Some health care incapacity legal documents can be confusing because the names are often used interchangeably, such as living will, advanced health care directive, and health care power of attorney. This article focuses on Oregon's laws regarding durable power of attorney documents.
Health Care Power of Attorneys
A health care powers of attorney designates an agent to speak on your behalf and make health care decisions for you when you can’t make then. Often, a living with and power of attorney are two components of medical planning that are created in one document. Sometimes this is called an “advance directive for health care.” Oregon permits living wills and health care power of attorneys under the Powers of Attorney and Advance Directives for Health Care law. Oregon law also permits power of attorneys for financial matters like paying your bills when you become incapacitated.
In addition, Oregon maintains a Physician Orders for Life-Sustaining Treatment (POLST) registry that is like a Do Not Resuscitate form that’s ordered by your doctor informing other medical providers of your request not to have CPR or artificial hydration, etc., although pain medication can still be provided as needed. A POLST is separate from a living will or advance directive and many people choose to create both.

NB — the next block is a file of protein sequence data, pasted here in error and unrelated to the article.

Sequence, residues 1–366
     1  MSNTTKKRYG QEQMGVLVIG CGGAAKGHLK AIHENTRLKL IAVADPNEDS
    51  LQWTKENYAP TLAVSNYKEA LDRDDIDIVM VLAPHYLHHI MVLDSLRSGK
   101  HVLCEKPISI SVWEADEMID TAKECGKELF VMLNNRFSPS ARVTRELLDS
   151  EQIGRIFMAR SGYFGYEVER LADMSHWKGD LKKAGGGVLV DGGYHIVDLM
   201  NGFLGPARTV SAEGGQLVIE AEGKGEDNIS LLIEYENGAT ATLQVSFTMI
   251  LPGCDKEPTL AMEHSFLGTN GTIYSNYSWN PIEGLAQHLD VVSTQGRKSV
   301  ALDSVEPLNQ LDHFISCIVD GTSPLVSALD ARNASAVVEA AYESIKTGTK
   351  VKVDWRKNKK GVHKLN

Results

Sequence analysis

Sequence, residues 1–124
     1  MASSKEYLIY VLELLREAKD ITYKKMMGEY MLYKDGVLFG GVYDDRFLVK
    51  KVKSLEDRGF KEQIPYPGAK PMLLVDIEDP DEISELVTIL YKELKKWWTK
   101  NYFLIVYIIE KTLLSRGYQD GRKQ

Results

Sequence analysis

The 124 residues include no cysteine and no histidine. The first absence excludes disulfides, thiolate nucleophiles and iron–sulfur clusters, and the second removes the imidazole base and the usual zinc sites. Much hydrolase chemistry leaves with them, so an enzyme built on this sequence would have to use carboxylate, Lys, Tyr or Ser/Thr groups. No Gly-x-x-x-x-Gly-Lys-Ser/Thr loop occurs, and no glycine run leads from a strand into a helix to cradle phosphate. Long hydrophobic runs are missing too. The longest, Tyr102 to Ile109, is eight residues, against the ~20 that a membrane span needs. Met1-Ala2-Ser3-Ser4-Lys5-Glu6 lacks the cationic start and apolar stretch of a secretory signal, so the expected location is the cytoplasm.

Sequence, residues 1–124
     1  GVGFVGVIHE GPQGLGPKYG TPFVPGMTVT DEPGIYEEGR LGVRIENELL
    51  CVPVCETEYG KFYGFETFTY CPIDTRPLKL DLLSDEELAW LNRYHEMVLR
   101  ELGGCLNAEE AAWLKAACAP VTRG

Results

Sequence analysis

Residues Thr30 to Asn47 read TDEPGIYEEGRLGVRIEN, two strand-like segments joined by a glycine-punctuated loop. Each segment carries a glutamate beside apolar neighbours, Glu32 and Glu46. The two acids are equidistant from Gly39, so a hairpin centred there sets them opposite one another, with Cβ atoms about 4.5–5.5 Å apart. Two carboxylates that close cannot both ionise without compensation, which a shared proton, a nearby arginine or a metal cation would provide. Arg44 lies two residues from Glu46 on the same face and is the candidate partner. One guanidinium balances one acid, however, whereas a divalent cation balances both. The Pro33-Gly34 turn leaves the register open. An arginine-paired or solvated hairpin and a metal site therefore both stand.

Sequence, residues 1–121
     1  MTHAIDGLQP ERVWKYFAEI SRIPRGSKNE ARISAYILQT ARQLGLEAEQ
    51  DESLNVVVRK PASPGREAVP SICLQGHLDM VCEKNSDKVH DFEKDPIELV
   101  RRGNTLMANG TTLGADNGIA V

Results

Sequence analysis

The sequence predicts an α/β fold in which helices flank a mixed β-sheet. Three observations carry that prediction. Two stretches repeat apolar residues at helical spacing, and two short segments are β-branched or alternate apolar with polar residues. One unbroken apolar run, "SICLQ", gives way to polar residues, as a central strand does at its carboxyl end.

|Code Sections||Oregon Revised Statutes Chapter 127 - Powers of Attorney, Advance Directives for Health Care, POLST Registry, etc.|
|Specific Powers for Agent and Life-Prolonging Acts||Your agent can make decisions for medical care including life-prolonging acts for you that don’t conflict with any other directions you made in the advance directive.
Oregon law defines “life-sustaining acts” as the mechanical or other artificial means to sustain, restore, or supplant a vital function that is used to maintain life of a person suffering from a terminal condition and serves only to prolong artificially the moment of death. However, this doesn’t include procedures to sustain patient cleanliness and comfort.
|If Physician Unwilling to Follow Patient’s Requests||The doctor must notify any health care representative of his or her inability to comply with the patient’s wishes, discharge the patient without abandoning him or her, or make a reasonable effort to locate and transfer the patient to a willing physician.|
|Immunity for Attending Physician||The attending physician isn’t liable in civil or criminal court or in a professional disciplinary action, if he or she acted in good faith on a fully executed health care directive.|
Many people are uncomfortable considering terrible things, like a catastrophic car accident that induces a coma, happening to them. However, planning ahead is key to getting the medical care you want and leaving your possessions to your loved ones. If it’s time to make a durable power of attorney, you should considering speaking to an experienced Oregon estate planning lawyer.
Note: State laws change frequently, because of this, you should contact an attorney or conduct your own legal research to verify these laws, especially if you plan to create end-of-life planning documents.
Research the Law
Contact a qualified attorney.